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Interview with Spencer J. Quinn on White Like You

[1]1,867 words

What inspired you to write White Like You [2]?

Failure, basically. As a writer prior to my time at Counter-Currents, I had met with consistent failure. In the 1990s and 2000s I had written several novels, all of which face-planted when I attempted to find a publisher. It was very discouraging. For my last one, I sent out over 130 query letters. Exactly four agents asked to see a sample. Only one wrote me back after that, and was very hesitant to work with me unless I dumb the language down to middle-school level, as she told me. I didn’t have the heart to gut my work, so I gave up. I came to the conclusion that mainstream publishers were just not interested in what I was trying to sell. And that was partially because I was not terribly interested in what I was selling either, given that I am not a mainstream kind of person. All this time, I had been tailoring and censoring my work in order to make it fit with mainstream readers, but my heart was never entirely in it. I figured that if I wanted to continue writing, I would have to find publishers beyond the mainstream who might be more comfortable with the real me.

Why do you think your work failed?

At first, it was because of its poor quality, no doubt. In the mid-1990s I discovered that I loved writing, especially novels, but I still did not know how to edit. Like many young writers, I’m sure, I lacked discipline and humility and the kind of mature perspective that separates beginners from more established writers. My first couple books certainly suffered from this. As I got older, I learned how to edit; and not just edit but ruthlessly edit. I no longer had sentimentality for my own writing. I would take a 200-word passage and hack it down to 125 or 100 and not care about the gems getting excised. I did this so many times I got good at it. I was flabbergasted at how many wasted words can appear in a sentence, as well as how many repeated ideas and unintended meanings. I started to get embarrassed looking back at my older writing. I began studying and internalizing The Elements of Style by Strunk and White, and “Politics and the English Language” by George Orwell (about which I wrote an article for Counter-Currents [3]). It was a lot of work, but I did notice improvement over time. It was around this time when my sense of hubris changed into a sense of real confidence in myself.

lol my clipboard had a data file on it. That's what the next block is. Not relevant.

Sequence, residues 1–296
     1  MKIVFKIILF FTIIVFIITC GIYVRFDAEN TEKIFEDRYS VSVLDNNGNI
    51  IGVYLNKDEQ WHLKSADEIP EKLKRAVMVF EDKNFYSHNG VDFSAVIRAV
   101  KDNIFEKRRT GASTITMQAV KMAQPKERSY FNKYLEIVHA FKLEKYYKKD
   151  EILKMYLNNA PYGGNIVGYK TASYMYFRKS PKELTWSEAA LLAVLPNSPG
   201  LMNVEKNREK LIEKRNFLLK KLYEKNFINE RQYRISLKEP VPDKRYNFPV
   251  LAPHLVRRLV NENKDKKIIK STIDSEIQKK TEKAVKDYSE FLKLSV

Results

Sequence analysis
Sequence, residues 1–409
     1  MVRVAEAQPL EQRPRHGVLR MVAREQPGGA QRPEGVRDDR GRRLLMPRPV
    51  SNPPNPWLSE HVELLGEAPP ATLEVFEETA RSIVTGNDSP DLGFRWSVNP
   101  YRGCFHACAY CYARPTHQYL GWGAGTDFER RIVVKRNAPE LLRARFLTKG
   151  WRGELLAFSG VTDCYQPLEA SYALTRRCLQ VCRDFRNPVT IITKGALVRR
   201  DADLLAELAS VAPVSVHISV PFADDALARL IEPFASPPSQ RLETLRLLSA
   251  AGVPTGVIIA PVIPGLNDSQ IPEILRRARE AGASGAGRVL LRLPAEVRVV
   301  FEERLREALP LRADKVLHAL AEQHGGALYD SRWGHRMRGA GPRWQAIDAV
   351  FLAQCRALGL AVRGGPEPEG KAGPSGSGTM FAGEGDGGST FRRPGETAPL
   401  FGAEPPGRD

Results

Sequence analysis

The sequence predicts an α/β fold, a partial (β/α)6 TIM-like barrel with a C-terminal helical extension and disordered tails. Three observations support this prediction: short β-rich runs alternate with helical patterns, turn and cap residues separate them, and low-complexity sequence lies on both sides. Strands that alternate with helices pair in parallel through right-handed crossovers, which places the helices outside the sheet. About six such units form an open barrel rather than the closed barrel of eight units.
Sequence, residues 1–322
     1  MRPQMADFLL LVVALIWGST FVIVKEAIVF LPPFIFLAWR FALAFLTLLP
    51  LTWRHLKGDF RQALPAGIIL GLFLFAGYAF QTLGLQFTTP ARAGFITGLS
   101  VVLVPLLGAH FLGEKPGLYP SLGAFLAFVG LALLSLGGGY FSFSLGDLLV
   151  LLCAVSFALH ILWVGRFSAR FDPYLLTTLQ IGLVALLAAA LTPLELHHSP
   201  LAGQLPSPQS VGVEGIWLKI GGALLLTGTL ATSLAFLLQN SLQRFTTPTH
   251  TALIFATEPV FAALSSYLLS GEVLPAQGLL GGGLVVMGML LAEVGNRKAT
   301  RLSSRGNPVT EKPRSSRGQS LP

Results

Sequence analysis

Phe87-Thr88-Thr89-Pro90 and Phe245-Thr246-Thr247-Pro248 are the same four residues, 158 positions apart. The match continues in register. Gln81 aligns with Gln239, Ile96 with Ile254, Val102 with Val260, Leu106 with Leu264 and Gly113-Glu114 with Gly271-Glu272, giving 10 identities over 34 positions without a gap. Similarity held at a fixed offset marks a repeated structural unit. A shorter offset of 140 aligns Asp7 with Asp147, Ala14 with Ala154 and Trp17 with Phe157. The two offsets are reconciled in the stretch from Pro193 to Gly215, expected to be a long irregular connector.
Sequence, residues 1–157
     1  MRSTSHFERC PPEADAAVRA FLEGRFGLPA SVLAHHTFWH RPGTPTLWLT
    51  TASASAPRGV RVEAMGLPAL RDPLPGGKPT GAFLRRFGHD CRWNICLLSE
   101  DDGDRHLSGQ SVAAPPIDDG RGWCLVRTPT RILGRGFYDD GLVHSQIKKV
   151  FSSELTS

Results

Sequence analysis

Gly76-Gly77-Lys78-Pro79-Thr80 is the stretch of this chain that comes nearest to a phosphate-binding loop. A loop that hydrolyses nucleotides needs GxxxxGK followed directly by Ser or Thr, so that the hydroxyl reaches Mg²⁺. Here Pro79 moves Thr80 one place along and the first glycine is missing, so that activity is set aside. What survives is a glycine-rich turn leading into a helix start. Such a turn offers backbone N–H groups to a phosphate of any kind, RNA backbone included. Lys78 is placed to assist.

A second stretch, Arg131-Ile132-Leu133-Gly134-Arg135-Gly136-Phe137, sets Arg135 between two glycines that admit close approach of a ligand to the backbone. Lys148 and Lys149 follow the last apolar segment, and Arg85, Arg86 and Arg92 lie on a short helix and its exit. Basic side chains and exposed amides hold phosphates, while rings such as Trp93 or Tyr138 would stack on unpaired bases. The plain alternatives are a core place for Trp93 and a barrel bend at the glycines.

Yet my later novels still failed. This is what frustrated me. I knew my work was good, better than the majority of the fiction being published. I certainly worked extremely hard enough. So why was I still failing? I couldn’t chalk it up entirely to having no contacts in publishing. If I was as good as I considered myself to be, then perhaps ten or fifteen percent of agents would have been expressing interest in me, instead of one or two percent. Further, I knew other writers as unknown as I was who were getting far more encouragement from agents. And in my opinion their work wasn’t anything special. So after the failure of my last pre-Counter-Currents novel, I was left searching for answers.

And what answers did you find?

The fundamental misconception under which I had been laboring was that an objectively good novel will be assessed objectively and ultimately published according to its merits. I loved great literature, such as Dostoevsky, Gogol, Trollope, Dickens, Orwell, Camus, Melville, Twain, and others. I calculated that if I produced something as good as that then I would get published too. After all, who doesn’t like a good book? This was tremendously naïve. In reality, what matters most for an unknown writer is to convince agents and publishers that your work already has an audience. If you don’t have an easily discernible audience, then no one in publishing will take a chance on you regardless of how good your work is.

I finally understood that I really didn’t have an audience for my work. Either my novels were too bizarre, too literary, or too personal. Nobody would care about these stories unless they were written by someone who was already famous, someone in whom thousands or millions of people had already invested hours of admiration or fascination. I didn’t have that. I also didn’t have a clear path upon which I could go about and get it. So, basically, I was done. I knew writing literature would be a dead end for me unless I changed my attitude about whom I was serving with my writing.

I asked myself, basically, who is my audience? Who, if reading the real me and not the politically correct chameleon I was trying to be, would accept me and the stories I really wanted to tell?